OPAL ran a fun science day with a serious purpose in Newcastle upon Tyne last month.
Around 200 local people joined in the fun at a family apple day and science day in Nuns Moor Park, Newcastle upon Tyne on Saturday 17 October.
Local groups Greening Wingrove, Change 4 Life and Sustrans ran an apple and spoon race, a longest apple peel competition, and Dr Bike from Sustrans checked out the condition of people’s bikes.
People also took part in a series of engaging science activities run by OPAL scientists.
They identified trees, measured their height and girth, mapped some different land uses in the park, got their hands into the soil to determine soil type and even told us what they thought of the park: what they enjoyed most; what they enjoyed least and the one thing they would like to change.
Question: Which part of the park do you use most and why?
- "At the band stand we do role play and singing"
- "We make a point of walking through every day"
- "The playground, because of the toys!"
Question: Is there an area of the park that you actively avoid and why?
- "The sensory garden is always locked, we'd like to use that more"
Question: If you could change one area of the park, where would that be and how would you change it?
- "We'd like a wildlife garden near the play park, to play in the long grass and use your imagination, and a place where the kids can dig"
- "Expand the playground"
Parks under threat
In addition to being fun, there was a serious side to the events too. Parks in our towns and cities are under threat. There is increasing demand for housing and local authority budgets are under serious pressure.
But parks matter. They are oases for nature, part of our national heritage, bring communities together, improve our physical health and our mental well-being, regulate water temperature and noise, and provide jobs. However, these many benefits are never fully appreciated because they are difficult to measure and people may simply not be aware of them.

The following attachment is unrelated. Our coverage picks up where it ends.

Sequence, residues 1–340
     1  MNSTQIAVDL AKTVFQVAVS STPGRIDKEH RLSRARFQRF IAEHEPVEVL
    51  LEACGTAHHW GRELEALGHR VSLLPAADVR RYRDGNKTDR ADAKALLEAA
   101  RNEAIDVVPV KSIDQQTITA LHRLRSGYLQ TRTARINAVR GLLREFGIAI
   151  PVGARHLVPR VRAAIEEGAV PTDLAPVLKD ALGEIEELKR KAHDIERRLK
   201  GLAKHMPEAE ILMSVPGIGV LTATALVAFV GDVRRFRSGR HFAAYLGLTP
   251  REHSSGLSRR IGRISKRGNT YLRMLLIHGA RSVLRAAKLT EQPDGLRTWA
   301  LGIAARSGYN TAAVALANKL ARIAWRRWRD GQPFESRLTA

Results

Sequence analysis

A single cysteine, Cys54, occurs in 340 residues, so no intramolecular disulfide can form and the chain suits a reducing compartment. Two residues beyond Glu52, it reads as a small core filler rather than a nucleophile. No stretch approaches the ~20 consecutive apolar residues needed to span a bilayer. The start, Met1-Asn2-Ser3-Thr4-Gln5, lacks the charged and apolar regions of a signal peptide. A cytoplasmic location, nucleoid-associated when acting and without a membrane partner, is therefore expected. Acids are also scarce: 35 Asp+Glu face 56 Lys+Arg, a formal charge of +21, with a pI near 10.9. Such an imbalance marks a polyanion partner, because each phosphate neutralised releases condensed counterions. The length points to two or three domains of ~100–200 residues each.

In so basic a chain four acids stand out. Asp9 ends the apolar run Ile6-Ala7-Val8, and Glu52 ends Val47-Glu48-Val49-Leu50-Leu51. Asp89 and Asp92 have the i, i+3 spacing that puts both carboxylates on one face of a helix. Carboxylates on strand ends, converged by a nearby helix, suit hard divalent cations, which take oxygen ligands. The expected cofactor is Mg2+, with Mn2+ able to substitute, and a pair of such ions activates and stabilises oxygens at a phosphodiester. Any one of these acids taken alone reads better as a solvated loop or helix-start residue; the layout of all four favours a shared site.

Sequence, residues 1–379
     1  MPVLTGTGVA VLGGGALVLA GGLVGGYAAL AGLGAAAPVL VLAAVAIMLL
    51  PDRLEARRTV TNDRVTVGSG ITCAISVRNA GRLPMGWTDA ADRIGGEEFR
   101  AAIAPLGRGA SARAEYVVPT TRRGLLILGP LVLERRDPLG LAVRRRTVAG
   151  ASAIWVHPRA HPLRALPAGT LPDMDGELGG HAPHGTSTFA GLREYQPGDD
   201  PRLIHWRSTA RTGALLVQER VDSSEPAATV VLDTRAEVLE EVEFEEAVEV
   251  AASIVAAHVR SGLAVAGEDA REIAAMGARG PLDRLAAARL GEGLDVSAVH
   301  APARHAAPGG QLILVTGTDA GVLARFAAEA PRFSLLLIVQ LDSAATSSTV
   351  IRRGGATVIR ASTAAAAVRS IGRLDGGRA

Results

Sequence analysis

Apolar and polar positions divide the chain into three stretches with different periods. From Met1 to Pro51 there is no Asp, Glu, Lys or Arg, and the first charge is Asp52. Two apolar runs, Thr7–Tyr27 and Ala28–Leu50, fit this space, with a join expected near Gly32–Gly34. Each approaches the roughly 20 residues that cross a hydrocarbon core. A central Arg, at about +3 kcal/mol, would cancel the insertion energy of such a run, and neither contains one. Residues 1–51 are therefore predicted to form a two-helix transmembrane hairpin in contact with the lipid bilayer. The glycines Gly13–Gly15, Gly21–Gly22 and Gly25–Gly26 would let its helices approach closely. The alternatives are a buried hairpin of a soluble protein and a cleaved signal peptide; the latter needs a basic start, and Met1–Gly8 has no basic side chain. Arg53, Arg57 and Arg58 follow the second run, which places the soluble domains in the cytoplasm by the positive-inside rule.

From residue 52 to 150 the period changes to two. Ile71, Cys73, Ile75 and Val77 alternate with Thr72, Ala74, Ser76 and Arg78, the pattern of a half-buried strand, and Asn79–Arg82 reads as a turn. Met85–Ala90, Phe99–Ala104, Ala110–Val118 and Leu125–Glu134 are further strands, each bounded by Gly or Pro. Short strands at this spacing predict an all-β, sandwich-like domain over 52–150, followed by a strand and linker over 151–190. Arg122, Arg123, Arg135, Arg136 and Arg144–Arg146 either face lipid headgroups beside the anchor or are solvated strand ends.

Well, the people of Wingrove, Newcastle upon Tyne, made a start at generating some of this much-needed information. For example, data from the tree height and girth measurements were taken, plugged into a clever calculator - ‘Treezilla’ - to provide a very rough estimate of the annual nature benefits provided by all the trees in Nuns Moor Park, and the results are amazing:
- Greenhouse gas: carbon dioxide was reduced by over 69,000 kgs equivalent to the emissions from 145 cars
- Water: 2.8 million litres were conserved equivalent to 1.1 Olympic-sized swimming pools
- Energy: nearly 385,000 kWh conserved equivalent to 3.4 million kettles boiled
- Air quality: 367 kgs of pollutants removed equivalent to 1 month’s emissions from a single clean power station
- Money: all of these benefits are worth nearly £24,000 a year!
Engaging local people to help generate data on the value of nature (‘ecosystem services’) provided by parks will:
- Enable parks to be managed better and their condition improved
- Safeguard the heritage and recent investment in parks by providing evidence to inform planning decisions
- Provide people with new skills of observation, assessment, monitoring and reporting
- Create a new cadre of people to champion their parks
- Protect the environment and wildlife of parks
- Boost the local economy (local businesses and local authorities) and improve people’s physical and mental health
OPAL will now review the information obtained on the day and seek partners and funders to support a nationwide public engagement project to enable local people, volunteer groups and local authorities, to better appreciate the true value and benefits of their parks, and to understand what they can do collectively to protect and improve them.
Remember, parks really do matter